There are so many things I could write about that are food related for the Blog Action Day theme of climate change. I’m sure a lot of food bloggers are writing about eating less meat, eating local and organics, and that’s all great. But I’m going to focus on something a lot of people probably wouldn’t think twice about when it comes to their food: packaging.
When I lived in Australia, I began buying more fresh food than ever in my life because of the abundance of fresh food/farmers markets and fruit and veg shops. Most butcher shops there didn’t use styrofoam packing trays for their meat, although the grocery stores did. What I noticed quite quickly was how little trash my husband and I were creating because we ate so much fresh food.
There were very few cans, boxes and bottles in our garbage. What few I did use, made it into the recycle bin because South Australia had a wonderful curbside recycling program. We’d get to the end of another week and have only a puny bag of garbage to go in our great big wheelie bin. It made me feel virtuous.
So the moral of this story is that fresh food is not only good for you, it’s good for the environment, too, because it cuts down on the packaging filling our landfills that will hang out there for who knows how long.
The title of this post was one half of a Herbert Hoover campaign slogan in 1928 and we all know how well his dreams of prosperity turned out. Perhaps part of the problem with that slogan is that Americans didn’t actually have a pot to cook the chicken in.
Today is Blog Action Day and I’ve taken up the challenge to address the issue of poverty as it relates to food.
Obesity is a huge problem in America and Australia, and there’s a lot of research that points to a possible link between poverty and obesity. Part of the reason for this is that people who live in poverty often live in what are known as “food deserts” and don’t have easy access to good food or just can’t afford fresh, healthy food.
Los Angeles is trying to combat the “food desert” problem in a South L.A. community by putting a moratorium on new fast food restaurants and encouraging businesses that sell healthier food. There are other ways people are trying to get better food into the bellies of those who need it most: community gardens are springing up in lower-income neighborhoods, farmer’s markets are linked to the WIC program, and programs like Second Harvest. These are all great– but does just providing healthy food go far enough to solve the problem? I don’t think it does.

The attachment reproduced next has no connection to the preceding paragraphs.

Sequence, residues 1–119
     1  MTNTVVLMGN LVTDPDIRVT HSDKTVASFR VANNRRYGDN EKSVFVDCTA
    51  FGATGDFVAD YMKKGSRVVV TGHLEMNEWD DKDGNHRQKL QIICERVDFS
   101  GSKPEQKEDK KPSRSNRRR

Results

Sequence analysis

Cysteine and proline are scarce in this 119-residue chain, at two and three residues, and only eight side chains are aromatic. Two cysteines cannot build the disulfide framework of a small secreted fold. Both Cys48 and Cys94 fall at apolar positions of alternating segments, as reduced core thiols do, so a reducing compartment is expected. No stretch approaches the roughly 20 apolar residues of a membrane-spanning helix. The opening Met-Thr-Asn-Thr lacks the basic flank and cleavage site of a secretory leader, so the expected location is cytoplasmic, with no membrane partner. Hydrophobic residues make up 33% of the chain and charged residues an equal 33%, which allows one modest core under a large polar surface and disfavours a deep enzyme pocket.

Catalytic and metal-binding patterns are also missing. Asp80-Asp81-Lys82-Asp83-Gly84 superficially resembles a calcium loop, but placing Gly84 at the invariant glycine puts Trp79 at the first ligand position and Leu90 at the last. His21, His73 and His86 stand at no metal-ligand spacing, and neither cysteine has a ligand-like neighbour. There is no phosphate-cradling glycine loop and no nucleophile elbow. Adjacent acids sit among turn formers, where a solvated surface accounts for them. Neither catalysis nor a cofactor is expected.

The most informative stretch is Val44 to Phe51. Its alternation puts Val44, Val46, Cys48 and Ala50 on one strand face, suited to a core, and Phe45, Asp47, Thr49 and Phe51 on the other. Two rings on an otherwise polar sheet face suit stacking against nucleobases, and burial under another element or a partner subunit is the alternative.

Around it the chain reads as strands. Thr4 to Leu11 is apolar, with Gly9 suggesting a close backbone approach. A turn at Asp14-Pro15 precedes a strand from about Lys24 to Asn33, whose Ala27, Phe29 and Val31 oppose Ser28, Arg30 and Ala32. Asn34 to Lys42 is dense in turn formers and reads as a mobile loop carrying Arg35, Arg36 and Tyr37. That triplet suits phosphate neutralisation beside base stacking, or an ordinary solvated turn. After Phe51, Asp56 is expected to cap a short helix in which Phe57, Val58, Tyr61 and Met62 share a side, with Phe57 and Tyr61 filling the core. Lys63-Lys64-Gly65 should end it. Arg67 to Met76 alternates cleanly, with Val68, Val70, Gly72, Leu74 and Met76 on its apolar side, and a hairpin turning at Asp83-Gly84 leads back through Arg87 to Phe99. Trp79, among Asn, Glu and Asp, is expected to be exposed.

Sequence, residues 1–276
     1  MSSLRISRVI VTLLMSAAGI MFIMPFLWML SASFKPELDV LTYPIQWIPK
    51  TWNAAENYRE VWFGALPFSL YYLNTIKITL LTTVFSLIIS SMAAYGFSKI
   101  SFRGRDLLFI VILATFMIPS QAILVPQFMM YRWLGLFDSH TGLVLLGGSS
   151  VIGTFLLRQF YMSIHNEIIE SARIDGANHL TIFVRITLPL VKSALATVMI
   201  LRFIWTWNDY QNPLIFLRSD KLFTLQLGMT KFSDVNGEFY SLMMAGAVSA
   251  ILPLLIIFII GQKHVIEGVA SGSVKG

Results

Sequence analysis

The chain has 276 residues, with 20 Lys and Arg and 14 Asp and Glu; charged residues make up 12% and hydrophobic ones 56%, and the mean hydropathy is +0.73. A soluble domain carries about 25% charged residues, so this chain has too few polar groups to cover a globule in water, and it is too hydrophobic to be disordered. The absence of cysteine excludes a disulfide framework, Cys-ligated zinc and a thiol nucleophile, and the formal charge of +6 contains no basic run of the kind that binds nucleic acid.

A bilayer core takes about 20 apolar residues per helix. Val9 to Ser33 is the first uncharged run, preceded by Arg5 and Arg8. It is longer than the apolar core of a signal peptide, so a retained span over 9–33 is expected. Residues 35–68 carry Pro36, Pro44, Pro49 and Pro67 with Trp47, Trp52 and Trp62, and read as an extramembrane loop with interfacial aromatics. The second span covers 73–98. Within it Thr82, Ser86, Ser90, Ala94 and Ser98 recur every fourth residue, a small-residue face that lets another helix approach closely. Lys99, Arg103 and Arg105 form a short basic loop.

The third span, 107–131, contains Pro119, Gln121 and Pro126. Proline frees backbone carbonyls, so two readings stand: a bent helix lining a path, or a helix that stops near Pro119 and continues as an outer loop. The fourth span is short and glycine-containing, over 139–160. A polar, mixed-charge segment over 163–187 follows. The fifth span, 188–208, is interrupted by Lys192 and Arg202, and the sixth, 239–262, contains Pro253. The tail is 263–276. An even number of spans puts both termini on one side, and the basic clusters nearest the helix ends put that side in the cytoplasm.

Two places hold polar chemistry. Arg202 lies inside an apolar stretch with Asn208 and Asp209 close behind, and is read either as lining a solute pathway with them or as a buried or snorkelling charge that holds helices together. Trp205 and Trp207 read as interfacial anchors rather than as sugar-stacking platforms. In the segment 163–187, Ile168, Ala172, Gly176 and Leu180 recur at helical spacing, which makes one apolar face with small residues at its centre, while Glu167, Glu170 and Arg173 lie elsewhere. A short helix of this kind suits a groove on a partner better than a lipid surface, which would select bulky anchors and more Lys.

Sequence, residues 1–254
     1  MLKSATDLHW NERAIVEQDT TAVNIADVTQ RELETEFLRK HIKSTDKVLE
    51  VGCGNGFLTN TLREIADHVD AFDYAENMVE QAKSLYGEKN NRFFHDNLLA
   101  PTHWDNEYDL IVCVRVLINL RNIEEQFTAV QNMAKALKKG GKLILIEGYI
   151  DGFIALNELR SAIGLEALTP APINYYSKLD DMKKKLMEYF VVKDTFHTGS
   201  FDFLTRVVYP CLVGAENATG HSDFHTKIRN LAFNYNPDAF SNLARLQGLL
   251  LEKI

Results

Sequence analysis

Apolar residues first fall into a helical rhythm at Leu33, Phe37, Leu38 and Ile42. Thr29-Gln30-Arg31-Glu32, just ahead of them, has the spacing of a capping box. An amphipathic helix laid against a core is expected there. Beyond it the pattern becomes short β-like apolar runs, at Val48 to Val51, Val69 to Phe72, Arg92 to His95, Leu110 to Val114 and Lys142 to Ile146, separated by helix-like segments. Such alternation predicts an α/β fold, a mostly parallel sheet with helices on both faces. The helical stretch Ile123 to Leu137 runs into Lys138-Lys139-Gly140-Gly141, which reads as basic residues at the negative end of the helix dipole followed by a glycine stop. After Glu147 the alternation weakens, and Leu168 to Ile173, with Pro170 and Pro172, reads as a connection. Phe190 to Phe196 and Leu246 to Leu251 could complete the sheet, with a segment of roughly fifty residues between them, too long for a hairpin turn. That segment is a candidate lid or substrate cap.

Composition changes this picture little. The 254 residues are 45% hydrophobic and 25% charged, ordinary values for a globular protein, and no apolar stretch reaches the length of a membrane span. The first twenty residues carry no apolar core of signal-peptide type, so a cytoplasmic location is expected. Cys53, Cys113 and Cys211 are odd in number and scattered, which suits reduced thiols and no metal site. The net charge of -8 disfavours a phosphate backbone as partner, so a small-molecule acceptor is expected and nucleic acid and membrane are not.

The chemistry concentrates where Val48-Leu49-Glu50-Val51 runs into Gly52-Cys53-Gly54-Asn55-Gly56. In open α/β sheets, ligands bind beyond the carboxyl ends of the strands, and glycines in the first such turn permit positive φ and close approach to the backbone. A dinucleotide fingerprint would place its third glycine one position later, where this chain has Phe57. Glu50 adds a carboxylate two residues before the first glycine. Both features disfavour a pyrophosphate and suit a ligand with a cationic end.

The poverty that leads to obesity goes beyond the inability to afford decent food. It’s also a poverty of the kitchen tools needed to cook healthy food and a poverty of kitchen skills. Sure, you can give everyone a chicken, but if they don’t have a pot to put it in or don’t know how to cook it, how are they going to eat?
Jamie Oliver finally figured this out when he filmed Jamie’s Ministry of Food. He spent time in a lower income community where people eat like crap and found out they eat that way because they don’t know how to cook. And how would they? If they grew up eating convenience foods and fast food, where would they learn?
While food banks and other food programs do help get healthy food to people to some degree (and I’m aware of some of the inadequecies of the food stamp program), we need to go further if we want to help battle the obesity born of poverty.
This is why I want to start a foundation to work in conjunction with food banks and other food programs that will provide basic kitchen equipment and cooking classes to people on low incomes. This idea has been brewing in the back of my mind for at least a year now, but I think Blog Action Day has made me think more seriously about actually doing something about it. Watch this space….